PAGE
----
DART supports a wide range of AR applications and has been designed to allow non-AR-researchers, designers and artists to experiment with AR. DART facilitates rapid prototyping of, and experimentation with, nearly any AR experience that seeks to integrate digital media with the physical world.
While our focus is on supporting design exploration,
it is also reasonable to use DART to develop and deliver
a final AR experience.
Our particular focus in creating
DART is on experience-based AR, such as informal educational
dramas in historic locations (e.g., re-enacting historic
scenes in-situ) or entertainment applications
(e.g., 3D AR fictions and games). We believe strongly
that AR can be a powerful technique for leveraging the
aura of a particular location (such as the
sense of awe one experiences when standing in an historic
building, on a famous battlefield, or in front of an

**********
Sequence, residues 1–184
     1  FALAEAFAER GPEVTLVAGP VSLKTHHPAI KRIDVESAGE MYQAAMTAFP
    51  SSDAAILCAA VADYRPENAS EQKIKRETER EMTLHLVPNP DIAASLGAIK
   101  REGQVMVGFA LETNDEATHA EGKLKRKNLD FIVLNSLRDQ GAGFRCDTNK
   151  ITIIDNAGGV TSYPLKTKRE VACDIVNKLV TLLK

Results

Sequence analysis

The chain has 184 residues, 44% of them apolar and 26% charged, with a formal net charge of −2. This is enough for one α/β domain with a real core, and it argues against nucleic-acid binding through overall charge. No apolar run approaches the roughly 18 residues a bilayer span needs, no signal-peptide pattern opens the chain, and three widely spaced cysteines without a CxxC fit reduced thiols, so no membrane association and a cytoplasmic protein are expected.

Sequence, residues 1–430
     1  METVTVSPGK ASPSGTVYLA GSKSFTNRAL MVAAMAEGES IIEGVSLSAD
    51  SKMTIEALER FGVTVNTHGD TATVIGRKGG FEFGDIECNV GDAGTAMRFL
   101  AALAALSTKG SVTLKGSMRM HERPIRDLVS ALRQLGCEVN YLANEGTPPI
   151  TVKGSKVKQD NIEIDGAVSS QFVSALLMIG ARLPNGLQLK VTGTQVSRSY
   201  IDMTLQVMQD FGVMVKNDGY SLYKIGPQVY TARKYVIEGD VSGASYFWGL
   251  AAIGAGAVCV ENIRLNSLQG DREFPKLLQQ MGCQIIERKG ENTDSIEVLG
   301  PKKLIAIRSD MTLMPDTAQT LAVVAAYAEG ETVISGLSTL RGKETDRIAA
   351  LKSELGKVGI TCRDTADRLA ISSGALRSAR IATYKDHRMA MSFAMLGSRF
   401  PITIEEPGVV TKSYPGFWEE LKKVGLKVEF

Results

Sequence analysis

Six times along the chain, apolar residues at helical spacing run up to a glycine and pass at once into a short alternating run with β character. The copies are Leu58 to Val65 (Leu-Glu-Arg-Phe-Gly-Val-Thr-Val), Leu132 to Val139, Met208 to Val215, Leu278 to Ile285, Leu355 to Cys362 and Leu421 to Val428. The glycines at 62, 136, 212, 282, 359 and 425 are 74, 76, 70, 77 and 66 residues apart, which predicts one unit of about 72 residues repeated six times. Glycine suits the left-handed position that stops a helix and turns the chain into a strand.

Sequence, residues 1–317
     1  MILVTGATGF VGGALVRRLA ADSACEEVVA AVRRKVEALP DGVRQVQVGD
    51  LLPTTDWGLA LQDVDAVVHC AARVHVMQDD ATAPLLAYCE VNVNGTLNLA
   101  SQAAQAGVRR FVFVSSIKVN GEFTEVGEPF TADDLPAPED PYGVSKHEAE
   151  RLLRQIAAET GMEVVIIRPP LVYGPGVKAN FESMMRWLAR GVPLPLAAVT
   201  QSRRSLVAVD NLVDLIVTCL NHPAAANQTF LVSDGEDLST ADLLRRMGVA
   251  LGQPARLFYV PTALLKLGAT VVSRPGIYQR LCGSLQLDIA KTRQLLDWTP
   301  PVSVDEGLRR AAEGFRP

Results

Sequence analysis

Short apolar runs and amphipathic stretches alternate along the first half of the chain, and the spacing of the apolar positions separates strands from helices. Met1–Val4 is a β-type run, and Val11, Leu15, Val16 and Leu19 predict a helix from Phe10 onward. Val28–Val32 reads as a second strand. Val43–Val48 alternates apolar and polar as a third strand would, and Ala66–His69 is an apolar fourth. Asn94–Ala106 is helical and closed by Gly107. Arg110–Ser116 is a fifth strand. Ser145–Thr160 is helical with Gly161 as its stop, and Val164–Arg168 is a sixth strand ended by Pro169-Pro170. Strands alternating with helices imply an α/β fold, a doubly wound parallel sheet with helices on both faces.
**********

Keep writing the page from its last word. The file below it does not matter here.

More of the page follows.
important monument). In these cases AR can be used to
enhance the experience of visiting the site by adding
a dramatic or narrative dimension that is merged with
(rather than tangential to) the experience of visiting
In addition to dramatic AR experiences,
DART could be used to for digital art experiences that
are not story-based.
We are also using DART to prototype
and experiment with more "mundane" task-based
AR systems, such as those supporting equipment repair,
situation-based training, assembly line inspection and
Finally, DART can be used for
non-AR 3D systems that benefit from Director's efficient
3D engine and DART's sensor integration, such as virtual
reality (VR) and desktop-based 3D experiences.
Examples of our own
work on AR using DART (and its predecessors)
The Voices of Oakland. A dramatic, audio-only tour of Oakland Cemetery.
Four Angry Men. A remediation of the
classic teleplay and film Twelve Angry Men.
Alice’s Adventure’s in New Media.
Based on the Mad Hatter’s Tea Party in Alice in Wonderland.
Augmented Reality Design classes at Georgia Tech are using DART to create designs for dramatic augmented reality experiences. We have been focusing on experiences in historic sites, such as the Oakland Cemetery (the oldest and most historically significant cemetery in Atlanta) used in the “The Voices of Oakland” project.